Adventure & RPG
|CSI: Crime Scene Investigation|
July 29, 2004 | Nat Panek
The tidal wave of Aspyr-released ports keeps on coming with the imminent arrival of CSI: Crime Scene Investigation, developed by 369 Interactive, for the Macintosh. The seamy underbelly of Las Vegas lives on your very own computer, dope dealers, con men, dead hookers and all. Essentially replicating the hit CBS television show of the same name, CSI is a point-and-click puzzle-solver in which players are asked to examine crime scenes, gather and analyze evidence, and question suspects in an effort to bring the guilty to justice.
Over the course of five cases, players will work side-by-side with the show’s main characters, including Gil Grissom, Catharine Willows, Warrick Brown and others to figure out whodunit. The first case includes something of a guided tour that walks you through the interface and instructs you in navigating the various scenes you’ll come across. These include crime scenes (rendered in a 360-degree, 2D panorama) and various locations around Vegas where you’ll find more evidence and people to talk to. Move your cursor over the scene, and it will change color when it passes over an item of interest; click to move to a close-up, pre-rendered area of evidence. In these places, you’ll make use of an extensive bag of tricks to detect and gather evidence. There are tools like the good old latex gloves and the fingerprint kit, as well as higher-tech stuff like UV lights and Luminal (which makes blood traces glow a cool blue color).
Once you’ve gathered everything useful from a scene, you can head back to the CSI labs to analyze it. Here you’ll find the boy genius Greg Sanders, who will almost always be able to tell you something useful about your evidence, as well as a microscope and computer database for processing things like fiber samples and fingerprints. Once you think you’ve built enough of a case against a certain individual, you can ask Captain Jim Brass to bring that person in for interrogation (essentially, choosing from a menu of computer-generated questions).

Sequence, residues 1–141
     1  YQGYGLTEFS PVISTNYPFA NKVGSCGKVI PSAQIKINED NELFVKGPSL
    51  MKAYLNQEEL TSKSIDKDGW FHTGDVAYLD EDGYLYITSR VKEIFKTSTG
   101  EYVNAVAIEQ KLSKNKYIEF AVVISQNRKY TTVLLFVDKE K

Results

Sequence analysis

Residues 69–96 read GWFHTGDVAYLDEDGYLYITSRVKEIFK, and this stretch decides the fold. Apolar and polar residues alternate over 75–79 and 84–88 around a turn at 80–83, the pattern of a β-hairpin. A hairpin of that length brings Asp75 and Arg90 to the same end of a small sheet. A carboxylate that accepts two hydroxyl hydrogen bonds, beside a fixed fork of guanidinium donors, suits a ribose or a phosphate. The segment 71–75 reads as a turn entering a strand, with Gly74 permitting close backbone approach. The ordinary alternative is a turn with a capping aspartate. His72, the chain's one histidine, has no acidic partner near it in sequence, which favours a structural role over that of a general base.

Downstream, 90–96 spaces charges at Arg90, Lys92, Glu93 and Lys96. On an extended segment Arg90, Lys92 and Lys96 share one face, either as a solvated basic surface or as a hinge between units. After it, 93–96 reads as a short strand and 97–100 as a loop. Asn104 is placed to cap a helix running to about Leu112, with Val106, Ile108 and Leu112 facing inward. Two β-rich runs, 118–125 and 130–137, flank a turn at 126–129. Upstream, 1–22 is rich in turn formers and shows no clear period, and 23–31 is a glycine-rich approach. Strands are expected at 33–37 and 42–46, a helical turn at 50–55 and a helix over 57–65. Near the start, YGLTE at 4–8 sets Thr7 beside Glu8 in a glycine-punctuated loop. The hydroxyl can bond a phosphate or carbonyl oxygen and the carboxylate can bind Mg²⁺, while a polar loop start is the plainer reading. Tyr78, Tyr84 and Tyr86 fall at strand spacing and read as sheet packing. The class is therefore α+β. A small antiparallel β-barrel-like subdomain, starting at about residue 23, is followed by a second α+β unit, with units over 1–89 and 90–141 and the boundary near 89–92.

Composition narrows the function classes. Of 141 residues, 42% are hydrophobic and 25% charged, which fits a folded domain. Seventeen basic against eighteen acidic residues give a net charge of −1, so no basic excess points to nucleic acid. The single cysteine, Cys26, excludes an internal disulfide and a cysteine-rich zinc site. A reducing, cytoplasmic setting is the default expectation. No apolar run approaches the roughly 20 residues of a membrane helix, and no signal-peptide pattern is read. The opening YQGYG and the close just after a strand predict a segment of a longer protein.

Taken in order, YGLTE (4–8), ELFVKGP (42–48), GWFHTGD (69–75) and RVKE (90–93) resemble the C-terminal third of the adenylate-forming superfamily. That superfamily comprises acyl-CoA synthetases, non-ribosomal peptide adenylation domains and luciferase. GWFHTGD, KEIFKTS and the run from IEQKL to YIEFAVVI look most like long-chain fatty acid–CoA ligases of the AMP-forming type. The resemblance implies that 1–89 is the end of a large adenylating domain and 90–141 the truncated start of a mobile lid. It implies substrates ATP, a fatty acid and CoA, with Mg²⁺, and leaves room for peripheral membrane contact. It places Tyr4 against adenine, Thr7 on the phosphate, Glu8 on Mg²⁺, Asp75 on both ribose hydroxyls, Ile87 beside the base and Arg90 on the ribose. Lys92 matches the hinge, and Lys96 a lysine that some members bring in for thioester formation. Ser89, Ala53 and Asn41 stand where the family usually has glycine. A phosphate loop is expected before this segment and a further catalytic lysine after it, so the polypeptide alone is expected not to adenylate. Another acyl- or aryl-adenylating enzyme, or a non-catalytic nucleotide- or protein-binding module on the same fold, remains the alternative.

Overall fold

The interface is minimal, consisting mainly of three tabs along the bottom of the screen, allowing you access to locations (how you move from scene to scene), your tools, and the evidence you’ve collected. There is also a case file available at all times, which shows automatically generated notes on victims and suspects.
Once you’ve managed to narrow down the field of suspects in a case to the guilty party, you’ve completed the level, and are given a score based on how much of the available evidence you collected. Points are deducted if you asked your partners on the CSI team for help during a case. Regardless of your score, the next case is unlocked and ready for you to dive in.
A lot of effort has obviously gone into making the game recognizable to fans of the series. The main and supporting characters are all present, and all are voiced by the actors from the show. A longtime CSI writer scripted the five cases in the game, and the show’s hallmark “crime playback” scenes are also here, displayed in vividly animated, sometimes brutal detail (nothing like actually watching a bullet tear through someone’s innards in slow-motion to put you off your feed for a while).
While the game is very detailed graphically, it’s all in the design; there’s very little movement going on in the game, most of it given over to the examination of static scenes. The pre-rendered scenes are all flat set pieces, populated by 3D modeled characters, who do move, but not much. As for sound, there’s not a lot going on there either, besides the brief musical score, occasional ambient sound, and generally well-done vocal work. That said, Aspyr’s tentative system requirements are as follows:
Mac OS X 10.2.8 or later
PowerPC G3/G4/G5, 500 MHz or faster
256 MB RAM
2.3GB free disk space
3D Graphics Acceleration required (ATI Radeon 7500/nVidia GeForce 2 or better)
32MB of VRAM
The CSI game sticks close to the formula that made the television show a success. Will that be enough to satisfy criminal investigation-minded Mac gamers out there? As they say on TV, stay tuned.